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Zirun Zhu's
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Education

2014–present

PhD student,
Department of Informatics,
School of Multidisciplinary Sciences,
SOKENDAI (The Graduate University for Advanced Studies) and
National Institute of Informatics

2010–2014

Bachelor of Engineering,
Computer Science and Technology,
University of Science and Technology of China


Research (Interests and Projects)

I am interested in functional programming languages and designing domain-specific languages (DSLs) for solving practical problems, by taking advantage of relevant theoretical research. I enjoy metaprogramming and source-to-source code generation, which are the daily work required by my doctoral research—bidirectional transformations (BX), which are an elegant approach to synchronising data in different formats. In particular, I am focusing on the synchronisation problem between the program text and its abstract syntax representation.

Bidirectional Parsing and Printing (BiYacc)

As an application of BX, I developed a DSL, BiYacc, which can generate a pair of parser and printer that are consistent with each other from a single specification, for synchronising program text and an abstract syntax tree (AST) that is possibly modified, for instance, by some refactoring algorithm, from the one directly parsed from the program text. Different from conventional methods, parser and printer pairs produced by BiYacc will try to preserve comments, layouts, and other syntactic objects during the synchronisation. BiYacc has been adopted as a part of the system (developed by Daisuke Kinoshita and Keisuke Nakano) to synchronise Coq functions and their corresponding Ocaml programs.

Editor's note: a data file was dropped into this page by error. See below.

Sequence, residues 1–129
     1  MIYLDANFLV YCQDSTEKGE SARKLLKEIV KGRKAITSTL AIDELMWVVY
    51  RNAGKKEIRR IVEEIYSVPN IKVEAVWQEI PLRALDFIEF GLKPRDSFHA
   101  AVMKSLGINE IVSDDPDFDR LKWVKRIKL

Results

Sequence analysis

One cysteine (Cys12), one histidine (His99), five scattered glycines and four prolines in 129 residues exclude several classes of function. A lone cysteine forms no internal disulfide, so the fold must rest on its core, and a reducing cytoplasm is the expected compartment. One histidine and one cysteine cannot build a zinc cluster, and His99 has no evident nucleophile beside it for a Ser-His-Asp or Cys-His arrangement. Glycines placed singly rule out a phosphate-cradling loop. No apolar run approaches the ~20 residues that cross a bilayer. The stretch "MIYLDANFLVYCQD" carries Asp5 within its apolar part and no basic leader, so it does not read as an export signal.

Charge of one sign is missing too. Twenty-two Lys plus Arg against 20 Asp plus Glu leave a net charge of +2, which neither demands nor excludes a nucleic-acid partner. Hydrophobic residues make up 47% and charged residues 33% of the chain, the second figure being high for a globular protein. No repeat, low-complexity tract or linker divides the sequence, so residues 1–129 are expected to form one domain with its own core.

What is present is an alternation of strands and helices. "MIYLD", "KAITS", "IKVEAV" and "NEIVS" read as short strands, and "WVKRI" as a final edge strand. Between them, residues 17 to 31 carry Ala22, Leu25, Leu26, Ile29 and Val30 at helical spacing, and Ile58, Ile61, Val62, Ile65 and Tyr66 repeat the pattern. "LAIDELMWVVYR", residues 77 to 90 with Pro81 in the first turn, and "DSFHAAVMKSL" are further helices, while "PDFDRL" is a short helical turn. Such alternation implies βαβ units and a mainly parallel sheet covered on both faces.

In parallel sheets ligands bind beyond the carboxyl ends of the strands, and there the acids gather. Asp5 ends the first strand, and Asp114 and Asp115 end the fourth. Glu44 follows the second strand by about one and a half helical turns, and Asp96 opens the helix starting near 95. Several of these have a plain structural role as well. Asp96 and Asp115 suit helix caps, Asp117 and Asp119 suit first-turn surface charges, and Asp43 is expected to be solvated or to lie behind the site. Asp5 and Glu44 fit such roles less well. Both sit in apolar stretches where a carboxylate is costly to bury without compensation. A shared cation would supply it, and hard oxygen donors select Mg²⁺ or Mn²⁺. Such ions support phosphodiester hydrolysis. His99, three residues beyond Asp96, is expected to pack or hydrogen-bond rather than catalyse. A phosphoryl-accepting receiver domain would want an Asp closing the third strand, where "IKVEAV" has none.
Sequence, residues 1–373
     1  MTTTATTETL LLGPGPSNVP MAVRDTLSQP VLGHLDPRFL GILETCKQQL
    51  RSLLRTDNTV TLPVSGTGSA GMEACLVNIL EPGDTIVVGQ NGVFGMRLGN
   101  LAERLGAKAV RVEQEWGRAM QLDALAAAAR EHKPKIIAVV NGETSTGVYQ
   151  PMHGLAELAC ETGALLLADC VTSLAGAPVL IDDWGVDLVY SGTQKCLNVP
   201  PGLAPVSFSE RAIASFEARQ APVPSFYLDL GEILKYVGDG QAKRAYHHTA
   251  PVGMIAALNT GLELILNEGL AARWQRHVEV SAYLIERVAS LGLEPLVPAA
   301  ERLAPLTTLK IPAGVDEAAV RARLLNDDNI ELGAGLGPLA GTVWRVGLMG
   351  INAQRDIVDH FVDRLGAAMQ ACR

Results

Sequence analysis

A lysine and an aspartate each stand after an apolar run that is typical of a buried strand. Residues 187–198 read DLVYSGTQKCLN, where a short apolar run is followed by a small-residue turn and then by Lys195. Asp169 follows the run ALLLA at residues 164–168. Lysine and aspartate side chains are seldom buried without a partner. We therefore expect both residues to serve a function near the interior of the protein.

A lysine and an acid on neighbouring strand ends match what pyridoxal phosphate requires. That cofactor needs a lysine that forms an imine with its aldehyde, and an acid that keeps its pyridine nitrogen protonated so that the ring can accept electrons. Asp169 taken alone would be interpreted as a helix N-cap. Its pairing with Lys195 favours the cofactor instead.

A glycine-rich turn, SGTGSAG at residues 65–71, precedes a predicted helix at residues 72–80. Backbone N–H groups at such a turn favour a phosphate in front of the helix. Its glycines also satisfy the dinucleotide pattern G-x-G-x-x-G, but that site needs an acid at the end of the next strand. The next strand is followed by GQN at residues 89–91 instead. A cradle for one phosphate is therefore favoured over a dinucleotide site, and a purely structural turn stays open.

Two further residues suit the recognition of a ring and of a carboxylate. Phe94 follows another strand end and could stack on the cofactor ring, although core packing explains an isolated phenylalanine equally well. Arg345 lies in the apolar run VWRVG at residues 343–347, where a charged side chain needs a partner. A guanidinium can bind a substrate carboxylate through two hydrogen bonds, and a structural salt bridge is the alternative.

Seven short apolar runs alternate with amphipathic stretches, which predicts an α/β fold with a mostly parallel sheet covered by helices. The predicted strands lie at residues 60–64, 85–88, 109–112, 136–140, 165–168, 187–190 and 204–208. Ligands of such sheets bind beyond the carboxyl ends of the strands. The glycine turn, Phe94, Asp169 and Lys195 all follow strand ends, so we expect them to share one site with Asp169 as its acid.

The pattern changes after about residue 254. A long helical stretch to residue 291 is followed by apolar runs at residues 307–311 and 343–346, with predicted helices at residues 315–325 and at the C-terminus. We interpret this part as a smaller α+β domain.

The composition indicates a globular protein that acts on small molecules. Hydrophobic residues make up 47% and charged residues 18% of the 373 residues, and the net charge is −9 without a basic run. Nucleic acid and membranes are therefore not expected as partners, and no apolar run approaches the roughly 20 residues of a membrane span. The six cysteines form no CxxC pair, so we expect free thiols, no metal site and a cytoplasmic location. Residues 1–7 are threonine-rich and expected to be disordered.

Grammar Disambiguation (Bi-filters)

Conventional approaches are to develop disambiguation treatments either for the parsing direction or the printing direction. As a result, we do not know if two arbitrarily picked treatments, one for the parsing direction and the other for the printing direction, will work in harmony, i.e. does not break the consistency between the parser and printer (plus disambiguation). In response to the problem, based on generalised parsing and (unidirectional) filters, I propose bidirectionalised filters (bi-filters) which work both in the parsing direction and in the printing direction; bi-filters satisfy bi-filter laws and will not affect the consistency of the whole parsing and printing process. I have designed bi-filter directives and integrated the functionality into BiYacc.

Retentive Printing (Retentive Lenses)

When synchronising program text and an AST that is possibly modified, for instance, by some refactoring algorithm, from the one directly parsed from the program text, the preservation of comments, layouts, and syntactic objects is not always guaranteed, even for tools like BiYacc. To remedy the situation, I propose retentive lenses (for BX in general), which satisfy Retentiveness and theoretically guarantee information retention during synchronisation on demand.

Document Synchronisation (BiPandoc)

Pandoc is a famous document converter. As a real-world application demonstrating the use of BX, together with Zhixuan Yang, I develop the prototype of BiPandoc, i.e. bidirectional Pandoc, that synchronises documents in HTML and Markdown formats.